VRPG - Source Level Debugging
By George Farr
the third article describing the new VRPG Client product. The
first article, published in May, presented an overview of VRPG
and its components. The second article, published in July, described
the new operation codes and changes that were made to the ILE
RPG language to allow the language to fully utilize the workstation
Although most VRPG programmers will never write buggy
code, the VRPG environment contains a source level debugger, just
in case! This article will describe the Interactive Presentation
Manager Debugger (IPMD) supplied with the VRPG product to allow
you to debug your RPG source code. This powerful debugger allows
the VRPG programmer to set breakpoints, look at RPG fields and
storage, set trace points on storage, change field representations,
and step through the program. All this is done by simply using
the mouse and not using the traditional way of entering commands
on the command line.
Starting the Debugger
What are the normal application development processes?
Well, in VRPG you first create your screens using the Graphical
User Interface (GUI) builder as we have shown you in previous
articles. You then add RPG source code to the screens. Once this
is all done, you finally build your RPG application using the
'Build' option on the project menu item shown in Figure 1. Once
the project is built, if the need arises to debug it, the next
step will be to run the project under debug using the 'Debug'
option on the project menu as shown in Figure 1.
Figure 1. Starting the VRPG Debugger.
When the debugger starts, two windows will be displayed.
The first window is the debug session control window that displays
all of your project's active objects. This includes the RPG EXE
and DLL that contain your RPG logic. The second window will display
your RPG source code including the line sequence number where
you may add breakpoints. You will note that the first RPG source
line will be highlighted to indicate the position of the executing
program. Once both of these windows are displayed on the screen,
and the first line is highlighted, the debugger at that point
will wait for the next action from the programmer. In other words,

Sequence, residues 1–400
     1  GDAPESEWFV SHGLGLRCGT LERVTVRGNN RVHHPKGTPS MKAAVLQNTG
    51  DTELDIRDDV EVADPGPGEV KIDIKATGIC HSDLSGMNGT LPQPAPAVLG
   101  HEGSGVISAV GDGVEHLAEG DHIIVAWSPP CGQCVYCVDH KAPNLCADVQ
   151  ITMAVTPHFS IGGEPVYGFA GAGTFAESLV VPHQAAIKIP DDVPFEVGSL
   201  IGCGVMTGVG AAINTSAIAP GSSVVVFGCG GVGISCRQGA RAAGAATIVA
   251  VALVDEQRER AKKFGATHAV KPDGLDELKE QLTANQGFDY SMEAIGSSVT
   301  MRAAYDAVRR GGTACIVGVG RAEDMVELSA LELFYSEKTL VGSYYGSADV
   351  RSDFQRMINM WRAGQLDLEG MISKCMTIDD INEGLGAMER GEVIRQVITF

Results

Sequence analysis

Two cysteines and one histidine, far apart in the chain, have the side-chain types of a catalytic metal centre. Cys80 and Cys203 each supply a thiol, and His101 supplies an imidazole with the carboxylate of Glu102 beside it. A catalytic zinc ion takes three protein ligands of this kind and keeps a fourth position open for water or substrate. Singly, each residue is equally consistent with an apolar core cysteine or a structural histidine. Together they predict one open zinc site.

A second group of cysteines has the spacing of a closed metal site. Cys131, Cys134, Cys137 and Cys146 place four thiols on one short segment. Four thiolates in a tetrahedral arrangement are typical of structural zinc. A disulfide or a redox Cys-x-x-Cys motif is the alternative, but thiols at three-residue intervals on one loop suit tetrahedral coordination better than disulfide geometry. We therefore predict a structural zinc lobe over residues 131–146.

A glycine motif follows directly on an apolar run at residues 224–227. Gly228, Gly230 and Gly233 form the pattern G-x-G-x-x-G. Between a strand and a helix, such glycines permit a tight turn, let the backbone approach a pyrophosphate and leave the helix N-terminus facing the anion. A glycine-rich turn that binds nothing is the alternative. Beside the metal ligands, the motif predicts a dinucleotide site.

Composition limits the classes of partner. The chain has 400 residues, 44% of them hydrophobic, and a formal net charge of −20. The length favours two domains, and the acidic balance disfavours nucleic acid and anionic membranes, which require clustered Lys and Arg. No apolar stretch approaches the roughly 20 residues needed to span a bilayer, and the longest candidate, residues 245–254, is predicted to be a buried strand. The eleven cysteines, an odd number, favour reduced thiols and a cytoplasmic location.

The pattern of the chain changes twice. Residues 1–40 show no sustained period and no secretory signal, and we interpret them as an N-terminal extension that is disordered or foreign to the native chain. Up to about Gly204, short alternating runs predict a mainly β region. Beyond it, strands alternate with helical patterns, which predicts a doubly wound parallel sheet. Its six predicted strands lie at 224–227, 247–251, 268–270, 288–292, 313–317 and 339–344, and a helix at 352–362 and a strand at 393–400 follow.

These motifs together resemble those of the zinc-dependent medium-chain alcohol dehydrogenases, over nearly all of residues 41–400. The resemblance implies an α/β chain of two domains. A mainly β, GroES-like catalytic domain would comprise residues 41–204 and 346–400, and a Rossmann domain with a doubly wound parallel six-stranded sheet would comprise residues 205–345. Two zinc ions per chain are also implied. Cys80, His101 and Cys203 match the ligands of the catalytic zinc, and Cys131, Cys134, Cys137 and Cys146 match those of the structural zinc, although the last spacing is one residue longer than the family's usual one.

at this point you can add breakpoints, monitor variables, and
basically do any function you wish to do before telling the debugger
to continue executing. When you are ready to run the program you
simply press the letter 'R' and that will run the debugger to
the next breakpoint or to the end of the program.
In the IPMD debugger there are different options
for doing the same task. For example, to continue executing the
program you can press the letter 'R', you can move the mouse to
the green circle on the title bar and press it, or you can select
the Run option.
VRPG Debugger Description
The VRPG debugger is an easy to use tool that will
help the programmer to find and correct any errors in the code.
The VRPG source level debugger is a Presentation Manager application
that allows the programmer to perform these important functions:
Setting line breakpoints
You can easily set or delete breakpoints by double-clicking on
the source line number. The application will stop when it gets
to the source line with the breakpoint. In Figure 2., to the left
of the Source window, you can see 2 highlighted (actually red,
in color) line numbers; these are breakpoints. One is set at line
20 and the other is set at line 36. Also note that line 36 is
black. This signifies the current line that the debugger has halted
on. When execution resumes (by clicking on the green circle or
using the Run menu option), this will be the starting point.
The source level debugger is column sensitive. When you double-click
on the main VRPG columns ( e.g., Factor 1, Factor 2, Result field,
Indicators fields, D specification Name ), the variable contained
within that field will be displayed in the Program Monitor window
of the debugger. This window contains all variables that are
to be monitored. As the value of the variables change in the